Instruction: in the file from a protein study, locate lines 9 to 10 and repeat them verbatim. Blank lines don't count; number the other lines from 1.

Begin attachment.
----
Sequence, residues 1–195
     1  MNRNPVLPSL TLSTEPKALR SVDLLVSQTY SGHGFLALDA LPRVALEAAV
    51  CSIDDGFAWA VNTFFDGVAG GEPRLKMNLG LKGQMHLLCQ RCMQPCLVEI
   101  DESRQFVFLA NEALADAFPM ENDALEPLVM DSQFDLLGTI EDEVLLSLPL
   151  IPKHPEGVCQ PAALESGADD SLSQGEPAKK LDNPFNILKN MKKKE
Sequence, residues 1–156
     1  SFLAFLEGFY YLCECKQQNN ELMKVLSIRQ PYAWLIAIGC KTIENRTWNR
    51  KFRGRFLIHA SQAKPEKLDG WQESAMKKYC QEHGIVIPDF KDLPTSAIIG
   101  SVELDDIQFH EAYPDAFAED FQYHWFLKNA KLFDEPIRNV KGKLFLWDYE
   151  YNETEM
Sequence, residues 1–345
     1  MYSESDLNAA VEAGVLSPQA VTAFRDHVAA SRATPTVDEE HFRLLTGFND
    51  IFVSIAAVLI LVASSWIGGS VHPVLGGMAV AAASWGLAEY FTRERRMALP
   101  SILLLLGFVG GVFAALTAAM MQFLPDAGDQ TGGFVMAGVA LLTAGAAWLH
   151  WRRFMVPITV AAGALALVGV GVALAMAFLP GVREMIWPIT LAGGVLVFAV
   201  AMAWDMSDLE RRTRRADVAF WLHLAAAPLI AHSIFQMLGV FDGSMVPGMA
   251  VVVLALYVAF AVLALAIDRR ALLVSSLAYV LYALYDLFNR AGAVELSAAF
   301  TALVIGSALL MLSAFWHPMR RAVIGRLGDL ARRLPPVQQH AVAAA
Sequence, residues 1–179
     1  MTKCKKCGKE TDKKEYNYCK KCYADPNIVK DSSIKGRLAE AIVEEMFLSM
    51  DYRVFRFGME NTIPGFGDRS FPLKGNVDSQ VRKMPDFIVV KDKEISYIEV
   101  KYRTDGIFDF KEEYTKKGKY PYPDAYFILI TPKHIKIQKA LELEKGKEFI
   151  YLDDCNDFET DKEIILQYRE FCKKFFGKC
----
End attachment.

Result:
   101  SVELDDIQFH EAYPDAFAED FQYHWFLKNA KLFDEPIRNV KGKLFLWDYE
   151  YNETEM